13. The fountain apparatus of claims 4 or 12, wherein said pressurized flow, nozzle and nozzle elevation are controlled by the automated control system.
14. The fountain apparatus of claim 12, wherein said at least one nozzle is configured to be placed in a pool of liquid and wherein said elevation of said at least one nozzle can be selectively varied such that said nozzle support structure and said at least one nozzle can be non-submerged, partially submerged, or fully submerged in said pool.
15. The fountain apparatus of claim 1, further including a light source for directing a light beam substantially toward said flow.
16. The fountain apparatus of claim 15, wherein movement of a second light source is controlled by said automated control system that is capable of articulating said light source and said second light source in at least one degree of freedom.
17. The fountain apparatus of claim 1, further including a support structure coupled to said at least one nozzle for supporting said at least one nozzle relative to a support surface.
18. The fountain apparatus of claim 17, wherein said support structure is attached to a buoyant device.
19. The fountain apparatus of claim 1, further including a programable computer system which articulates movements in preset patterns.
20. The fountain apparatus of claim 1, wherein said means for moving comprises at least one servo-motor.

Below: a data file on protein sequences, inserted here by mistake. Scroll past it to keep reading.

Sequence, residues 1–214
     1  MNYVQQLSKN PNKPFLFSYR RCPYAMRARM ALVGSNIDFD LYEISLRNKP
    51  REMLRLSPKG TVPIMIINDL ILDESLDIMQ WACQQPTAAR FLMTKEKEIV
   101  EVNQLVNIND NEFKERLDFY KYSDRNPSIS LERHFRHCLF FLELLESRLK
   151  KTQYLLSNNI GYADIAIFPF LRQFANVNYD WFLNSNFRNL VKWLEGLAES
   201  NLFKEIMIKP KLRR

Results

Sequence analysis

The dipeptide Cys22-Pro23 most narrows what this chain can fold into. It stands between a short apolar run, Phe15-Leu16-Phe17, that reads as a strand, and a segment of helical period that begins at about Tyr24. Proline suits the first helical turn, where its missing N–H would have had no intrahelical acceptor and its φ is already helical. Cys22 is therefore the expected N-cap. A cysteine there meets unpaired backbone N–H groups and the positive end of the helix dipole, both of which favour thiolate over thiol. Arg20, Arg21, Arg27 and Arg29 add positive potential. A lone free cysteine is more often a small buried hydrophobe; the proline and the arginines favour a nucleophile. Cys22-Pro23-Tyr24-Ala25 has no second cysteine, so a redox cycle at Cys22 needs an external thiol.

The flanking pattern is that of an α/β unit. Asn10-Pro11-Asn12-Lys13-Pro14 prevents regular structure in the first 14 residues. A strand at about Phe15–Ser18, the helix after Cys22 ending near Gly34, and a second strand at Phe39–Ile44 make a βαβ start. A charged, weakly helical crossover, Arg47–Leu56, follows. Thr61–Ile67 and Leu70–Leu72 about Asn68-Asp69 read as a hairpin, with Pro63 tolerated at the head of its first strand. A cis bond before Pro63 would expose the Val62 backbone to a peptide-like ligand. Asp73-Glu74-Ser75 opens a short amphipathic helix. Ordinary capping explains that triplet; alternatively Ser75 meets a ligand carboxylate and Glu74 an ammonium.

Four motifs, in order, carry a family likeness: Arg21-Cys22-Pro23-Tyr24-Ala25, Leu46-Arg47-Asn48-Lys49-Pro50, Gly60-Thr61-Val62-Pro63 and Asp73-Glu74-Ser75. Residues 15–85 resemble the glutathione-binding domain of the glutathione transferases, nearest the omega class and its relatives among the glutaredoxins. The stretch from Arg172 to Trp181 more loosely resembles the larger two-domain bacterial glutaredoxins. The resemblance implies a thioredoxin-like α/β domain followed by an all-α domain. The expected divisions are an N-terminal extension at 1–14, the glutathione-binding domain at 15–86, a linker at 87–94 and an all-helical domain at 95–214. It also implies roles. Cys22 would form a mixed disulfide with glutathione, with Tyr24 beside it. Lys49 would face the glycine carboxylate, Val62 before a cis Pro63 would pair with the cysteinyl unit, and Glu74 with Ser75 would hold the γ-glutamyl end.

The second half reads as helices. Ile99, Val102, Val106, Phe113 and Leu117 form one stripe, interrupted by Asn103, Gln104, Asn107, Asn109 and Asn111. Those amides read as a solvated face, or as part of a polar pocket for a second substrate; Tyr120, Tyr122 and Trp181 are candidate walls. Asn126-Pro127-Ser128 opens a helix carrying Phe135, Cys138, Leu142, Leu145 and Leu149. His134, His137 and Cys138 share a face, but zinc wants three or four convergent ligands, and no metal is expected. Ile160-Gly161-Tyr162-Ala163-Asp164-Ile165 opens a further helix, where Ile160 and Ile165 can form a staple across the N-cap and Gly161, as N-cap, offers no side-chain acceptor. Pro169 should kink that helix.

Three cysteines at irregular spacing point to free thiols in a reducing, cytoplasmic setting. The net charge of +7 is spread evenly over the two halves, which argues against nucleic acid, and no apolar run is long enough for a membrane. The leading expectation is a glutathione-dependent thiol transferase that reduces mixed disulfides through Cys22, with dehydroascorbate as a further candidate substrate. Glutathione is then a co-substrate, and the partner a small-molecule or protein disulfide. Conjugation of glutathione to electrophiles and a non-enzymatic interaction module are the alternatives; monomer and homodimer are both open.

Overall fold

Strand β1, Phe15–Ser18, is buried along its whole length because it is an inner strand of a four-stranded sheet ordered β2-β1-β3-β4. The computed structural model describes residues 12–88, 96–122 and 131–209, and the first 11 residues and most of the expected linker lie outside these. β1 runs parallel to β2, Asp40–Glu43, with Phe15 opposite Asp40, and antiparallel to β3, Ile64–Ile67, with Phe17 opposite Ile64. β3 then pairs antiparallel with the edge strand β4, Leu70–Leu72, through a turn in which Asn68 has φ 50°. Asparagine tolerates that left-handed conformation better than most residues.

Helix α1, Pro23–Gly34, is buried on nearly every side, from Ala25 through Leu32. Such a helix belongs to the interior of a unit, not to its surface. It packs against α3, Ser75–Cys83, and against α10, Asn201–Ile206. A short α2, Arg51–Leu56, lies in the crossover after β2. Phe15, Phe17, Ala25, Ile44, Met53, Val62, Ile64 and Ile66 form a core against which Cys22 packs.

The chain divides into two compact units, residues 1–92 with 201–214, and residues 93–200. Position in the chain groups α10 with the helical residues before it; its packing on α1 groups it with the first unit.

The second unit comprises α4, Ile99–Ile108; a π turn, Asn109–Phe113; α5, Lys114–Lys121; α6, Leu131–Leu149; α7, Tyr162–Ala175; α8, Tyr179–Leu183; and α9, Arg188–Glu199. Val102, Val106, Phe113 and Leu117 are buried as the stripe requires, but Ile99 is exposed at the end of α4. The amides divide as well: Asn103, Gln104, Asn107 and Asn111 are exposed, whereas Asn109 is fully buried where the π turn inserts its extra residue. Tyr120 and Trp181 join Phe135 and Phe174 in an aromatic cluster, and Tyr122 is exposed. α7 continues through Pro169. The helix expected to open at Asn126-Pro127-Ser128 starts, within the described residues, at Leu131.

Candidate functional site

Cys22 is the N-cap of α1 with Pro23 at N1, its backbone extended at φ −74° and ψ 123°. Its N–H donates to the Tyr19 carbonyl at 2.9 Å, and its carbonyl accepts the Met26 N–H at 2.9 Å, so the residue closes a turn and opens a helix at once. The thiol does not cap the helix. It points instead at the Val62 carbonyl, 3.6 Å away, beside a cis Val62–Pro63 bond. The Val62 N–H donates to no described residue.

21. The fountain apparatus of claim 1, further including at least one interchangeable nozzle spray pattern insert securable relative to said at least one nozzle for altering a spray pattern of the at least one nozzle.
22. The fountain apparatus of claim 1, further including a sound control system capable of varying a flow trajectory depending upon music rhythm.
23. A fountain apparatus comprising;
at least one nozzle;
a first selectively rotatable device coupled to said at least one nozzle;
a nozzle support coupled to the first rotatable device, whereas said first rotatable device is capable of rotating said at least one nozzle relative to said nozzle support;
a second selectively rotatable device coupled to said nozzle support;
a support arm coupled to the second rotatable device, whereas said second rotatable device is capable of rotating said nozzle support relative to the support arm;
an automated control system for selectively controlling rotation of said first and second rotational devices and thus the direction of a flow stream of a liquid that is emitted from said at least one nozzle; and
a liquid source in fluid communication with said at least one nozzle for providing a pressurized flow to at least one nozzle.
24. The fountain apparatus of claim 23, further including a valve associated with the liquid source for varying the pressurized flow to said at least one nozzle, whereas said automated control system controls said valve.
25. The fountain apparatus of claim 23, further including a third rotatable device coupled to said support arm whereas a base support structure coupled to the third rotatable device is capable of rotating said support arm relative to the base support structure.
26. The fountain apparatus of claims 23 or 25, wherein said rotatable device comprises at least one servo-motor.
27. The fountain apparatus of claim 25, wherein said pressurized flow, nozzle angle, and nozzle elevation are controlled by said automatic control system.